But when it comes to other aspects of the business, such as brand awareness and customer relationships, quantitative thinking isn’t enough. When you invest in building those relationships, the ROI is not always immediately apparent or measurable. By also viewing customer relationships qualitatively, we can start to see their value — a necessity for any SaaS company hoping to make it past the startup phase.
Investing in building trusting relationships entails being attentive to the customer, asking questions, listening to them, and showing empathy. That’s why I always recommend that employees listen for 80% of the time that they spend communicating with customers and spend only 20% of that time talking.
In the long run, customers aren’t the only ones we’re competing for.
While SaaS companies operate in a highly competitive field, that competitiveness is not only about acquiring the best customers. Many of us rely on corporate partners to help us build our customer base in the long run — which forces us to compete for partners just like we compete for customers. Meanwhile, competition for highly skilled employees also tends to be high throughout the SaaS field, especially in cybersecurity. Given the industrywide skills gap — a shortage of 2.7 million cybersecurity professionals, according to the 2021 (ISC)2 Cybersecurity Workforce Study — I believe our ability to offer an excellent product with top-notch service depends on the extent to which we build both trust with and enthusiasm from our employees.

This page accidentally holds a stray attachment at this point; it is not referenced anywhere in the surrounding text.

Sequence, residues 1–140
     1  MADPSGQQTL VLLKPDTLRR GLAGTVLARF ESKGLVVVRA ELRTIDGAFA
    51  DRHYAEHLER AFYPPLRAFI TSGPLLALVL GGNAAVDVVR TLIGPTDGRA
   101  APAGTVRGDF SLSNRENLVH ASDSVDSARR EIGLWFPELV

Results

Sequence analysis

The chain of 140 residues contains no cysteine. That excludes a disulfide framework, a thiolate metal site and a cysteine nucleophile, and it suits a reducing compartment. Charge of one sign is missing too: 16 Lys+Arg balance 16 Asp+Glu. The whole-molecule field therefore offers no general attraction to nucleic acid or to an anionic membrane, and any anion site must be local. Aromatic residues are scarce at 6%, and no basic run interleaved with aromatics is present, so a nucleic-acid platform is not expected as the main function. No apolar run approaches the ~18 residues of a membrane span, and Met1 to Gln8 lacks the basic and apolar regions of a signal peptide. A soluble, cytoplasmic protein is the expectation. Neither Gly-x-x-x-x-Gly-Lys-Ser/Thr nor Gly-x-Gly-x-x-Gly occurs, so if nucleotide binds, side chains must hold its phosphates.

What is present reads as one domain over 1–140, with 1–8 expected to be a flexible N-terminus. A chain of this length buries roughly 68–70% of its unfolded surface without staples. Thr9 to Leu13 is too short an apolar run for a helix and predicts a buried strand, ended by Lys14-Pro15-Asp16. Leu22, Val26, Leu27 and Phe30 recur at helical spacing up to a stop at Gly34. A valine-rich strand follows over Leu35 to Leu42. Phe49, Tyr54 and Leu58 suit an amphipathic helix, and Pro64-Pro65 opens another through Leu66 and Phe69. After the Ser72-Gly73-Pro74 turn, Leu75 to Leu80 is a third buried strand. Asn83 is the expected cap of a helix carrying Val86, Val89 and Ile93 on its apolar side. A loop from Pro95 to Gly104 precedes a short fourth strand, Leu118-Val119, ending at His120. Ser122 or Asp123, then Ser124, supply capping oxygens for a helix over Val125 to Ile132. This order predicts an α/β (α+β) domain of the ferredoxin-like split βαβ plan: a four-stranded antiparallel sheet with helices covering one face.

When you’re working on building relationships with partners or employees, many of your goals are the same ones that should motivate you to build relationships with customers. You want them to feel that they can trust you and that you offer a product that’s worth their time and resources. To do that, you need to show them, genuinely, that you’re eager to help them face their key challenges, meet their goals, and generally thrive.
Building that sense of loyalty, comfort, and trust in a work-from-home or hybrid work environment takes extra planning and extra care. But, as I can tell you from my experience as Cybersixgill’s CMO during the pandemic, it’s well worth it. For employees, adapting to this new reality could be a matter of setting remote team meetings to check in and build a sense of cooperation. For partners, it could involve organizing thought-provoking virtual events to share useful insights. Either way, today’s “new normal” work environment makes it especially important to take the time to reach out and connect.
As we approach our third year of this “new normal,” companies are continuing to adapt — and working hard at it. Although many of us had a head start in building customer relationships virtually, we also face a dynamic business environment that pushes us to keep learning and improving. By internalizing key lessons about our field — and especially by prioritizing customer relationships — we can develop the kind of forward-looking, customer-focused mindset we need in order to steer our companies toward long-term success.
Original post on Forbes.